Here’s an interesting tidbit from the legal process federal magistrate Roanne Mann set up to get as much info as possible before she drafts congressional lines for New York.
In the midst of a massive upload of map plans from the state Assembly and Senate, as well as Assembly Minority Leader Brian Kolb and community organizations who have drawn their own maps, the issue of taking incumbency into account in the drawing of lines was raised.
At the February 27 hearing that saw Mann charged with coming up with the schedule for drawing maps, the lawyers for the senate and assembly had asked the judge find a way to have incumbency be part of the conversation. In a follow up letter to the judge, Senate Republicans’ lawyer Michael Carvin laid out the case for “why incumbency protection is an appropriate factor for the Court to consider in drawing redistricting maps.”
“Preserving the cores of existing districts—sometimes also referred to as incumbency protection—is a well-established, traditional districting principle in New York,” Carvin writes. He goes on to cite numerous cases to show that “this Court has recognized preserving the cores of existing districts is ‘an important and legitimate factor’ in Congressional redistricting due to ‘the powerful role that seniority plays in the functioning of Congress.’”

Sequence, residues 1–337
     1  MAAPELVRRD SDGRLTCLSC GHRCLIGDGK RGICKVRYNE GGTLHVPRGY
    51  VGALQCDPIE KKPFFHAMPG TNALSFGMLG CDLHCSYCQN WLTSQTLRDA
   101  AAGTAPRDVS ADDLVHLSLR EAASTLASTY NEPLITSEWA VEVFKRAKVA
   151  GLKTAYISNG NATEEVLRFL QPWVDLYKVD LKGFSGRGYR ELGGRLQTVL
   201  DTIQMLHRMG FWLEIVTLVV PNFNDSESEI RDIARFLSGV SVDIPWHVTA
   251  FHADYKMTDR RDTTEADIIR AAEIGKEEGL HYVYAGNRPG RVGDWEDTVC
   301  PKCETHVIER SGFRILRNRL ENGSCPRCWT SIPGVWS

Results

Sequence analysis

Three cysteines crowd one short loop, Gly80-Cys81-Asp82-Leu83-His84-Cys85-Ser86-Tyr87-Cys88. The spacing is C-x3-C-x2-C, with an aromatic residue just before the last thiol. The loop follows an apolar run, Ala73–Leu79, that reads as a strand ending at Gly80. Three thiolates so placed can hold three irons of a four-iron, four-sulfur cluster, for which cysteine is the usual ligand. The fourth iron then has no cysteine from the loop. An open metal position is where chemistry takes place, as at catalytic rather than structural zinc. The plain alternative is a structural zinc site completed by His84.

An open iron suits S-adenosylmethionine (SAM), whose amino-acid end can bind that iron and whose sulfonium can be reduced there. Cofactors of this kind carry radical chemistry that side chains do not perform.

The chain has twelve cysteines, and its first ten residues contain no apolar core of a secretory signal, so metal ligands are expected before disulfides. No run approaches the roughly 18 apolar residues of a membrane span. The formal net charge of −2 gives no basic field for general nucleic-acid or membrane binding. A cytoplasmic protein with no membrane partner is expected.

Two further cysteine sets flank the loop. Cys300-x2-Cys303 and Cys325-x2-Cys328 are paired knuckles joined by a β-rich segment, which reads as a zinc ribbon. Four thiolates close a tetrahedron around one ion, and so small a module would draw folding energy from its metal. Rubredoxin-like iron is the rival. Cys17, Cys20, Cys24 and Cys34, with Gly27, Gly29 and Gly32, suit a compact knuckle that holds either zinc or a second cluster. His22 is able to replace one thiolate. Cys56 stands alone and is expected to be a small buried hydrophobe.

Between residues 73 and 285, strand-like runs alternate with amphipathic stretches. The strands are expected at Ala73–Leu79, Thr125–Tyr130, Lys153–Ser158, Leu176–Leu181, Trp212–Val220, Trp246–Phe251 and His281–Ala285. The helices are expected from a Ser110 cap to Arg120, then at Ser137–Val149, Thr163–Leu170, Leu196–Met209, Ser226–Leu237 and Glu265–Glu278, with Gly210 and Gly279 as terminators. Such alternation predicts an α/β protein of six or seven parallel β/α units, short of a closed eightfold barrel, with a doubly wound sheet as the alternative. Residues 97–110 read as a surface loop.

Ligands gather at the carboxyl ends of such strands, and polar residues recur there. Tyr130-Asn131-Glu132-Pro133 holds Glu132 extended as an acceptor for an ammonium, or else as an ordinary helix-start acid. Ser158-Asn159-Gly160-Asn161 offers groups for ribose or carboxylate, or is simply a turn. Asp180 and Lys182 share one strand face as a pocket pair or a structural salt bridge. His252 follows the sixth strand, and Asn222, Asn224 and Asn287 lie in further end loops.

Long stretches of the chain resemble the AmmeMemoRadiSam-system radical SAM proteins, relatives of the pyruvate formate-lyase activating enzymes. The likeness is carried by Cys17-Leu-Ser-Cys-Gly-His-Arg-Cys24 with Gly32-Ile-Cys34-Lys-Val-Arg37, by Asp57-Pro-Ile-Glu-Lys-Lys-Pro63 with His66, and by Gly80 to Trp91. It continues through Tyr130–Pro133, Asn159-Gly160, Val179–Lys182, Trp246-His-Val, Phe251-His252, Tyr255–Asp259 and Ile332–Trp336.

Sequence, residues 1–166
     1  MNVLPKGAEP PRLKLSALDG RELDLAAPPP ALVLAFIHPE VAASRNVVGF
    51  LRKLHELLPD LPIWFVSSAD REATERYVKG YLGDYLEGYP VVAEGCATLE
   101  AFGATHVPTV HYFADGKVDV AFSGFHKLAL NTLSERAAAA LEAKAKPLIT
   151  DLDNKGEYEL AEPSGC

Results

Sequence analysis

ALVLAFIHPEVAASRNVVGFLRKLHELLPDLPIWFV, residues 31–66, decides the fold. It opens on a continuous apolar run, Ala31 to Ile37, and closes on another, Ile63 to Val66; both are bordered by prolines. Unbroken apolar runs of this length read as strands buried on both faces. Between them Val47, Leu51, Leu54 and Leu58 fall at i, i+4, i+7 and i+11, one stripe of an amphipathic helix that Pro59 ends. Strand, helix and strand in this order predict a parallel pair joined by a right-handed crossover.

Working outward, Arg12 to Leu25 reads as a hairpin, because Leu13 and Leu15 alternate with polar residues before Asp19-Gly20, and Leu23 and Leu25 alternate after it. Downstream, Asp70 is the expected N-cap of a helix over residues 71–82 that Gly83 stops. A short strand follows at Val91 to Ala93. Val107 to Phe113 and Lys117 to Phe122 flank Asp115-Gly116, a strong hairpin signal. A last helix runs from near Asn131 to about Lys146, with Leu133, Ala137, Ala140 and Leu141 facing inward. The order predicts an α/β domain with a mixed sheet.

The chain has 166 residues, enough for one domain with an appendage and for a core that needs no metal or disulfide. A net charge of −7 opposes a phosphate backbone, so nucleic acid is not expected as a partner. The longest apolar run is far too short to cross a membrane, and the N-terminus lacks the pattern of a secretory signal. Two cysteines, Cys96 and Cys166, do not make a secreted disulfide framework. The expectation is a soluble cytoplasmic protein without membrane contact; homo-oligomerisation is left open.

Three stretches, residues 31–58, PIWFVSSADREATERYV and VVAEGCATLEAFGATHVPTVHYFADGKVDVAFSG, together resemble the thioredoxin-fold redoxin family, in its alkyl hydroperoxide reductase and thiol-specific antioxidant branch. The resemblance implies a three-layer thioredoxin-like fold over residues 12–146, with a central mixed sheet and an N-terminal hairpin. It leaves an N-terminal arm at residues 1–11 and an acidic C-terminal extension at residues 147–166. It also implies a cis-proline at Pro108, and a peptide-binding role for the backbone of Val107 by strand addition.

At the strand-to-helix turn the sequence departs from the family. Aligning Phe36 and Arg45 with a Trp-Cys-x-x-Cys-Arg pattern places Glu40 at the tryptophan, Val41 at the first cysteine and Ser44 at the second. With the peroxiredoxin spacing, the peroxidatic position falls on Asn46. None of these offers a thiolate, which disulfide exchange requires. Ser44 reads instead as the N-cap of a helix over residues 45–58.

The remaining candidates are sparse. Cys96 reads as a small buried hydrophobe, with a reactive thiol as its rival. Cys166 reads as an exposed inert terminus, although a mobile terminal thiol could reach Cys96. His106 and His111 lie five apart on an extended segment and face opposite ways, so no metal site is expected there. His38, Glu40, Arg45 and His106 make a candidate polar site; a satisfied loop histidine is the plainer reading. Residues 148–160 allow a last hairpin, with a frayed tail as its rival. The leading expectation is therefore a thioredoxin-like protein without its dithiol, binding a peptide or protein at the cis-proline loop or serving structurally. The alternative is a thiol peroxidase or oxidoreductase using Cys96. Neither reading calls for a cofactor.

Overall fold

It’s not a flat-out refusal to take incumbents into account when drawing new lines, but an order issued by Judge Mann today appears to signal an interest in at least seeing how things look when incumbents aren’t part of the equation. (The entire chronological history of the case can be seen online here.)
The order, issued this morning, tells LATFOR to send over the data they plug into their computer software to draw maps. But there’s a note attached: “No political or other data, including incumbent residence, shall be included with the data provided.”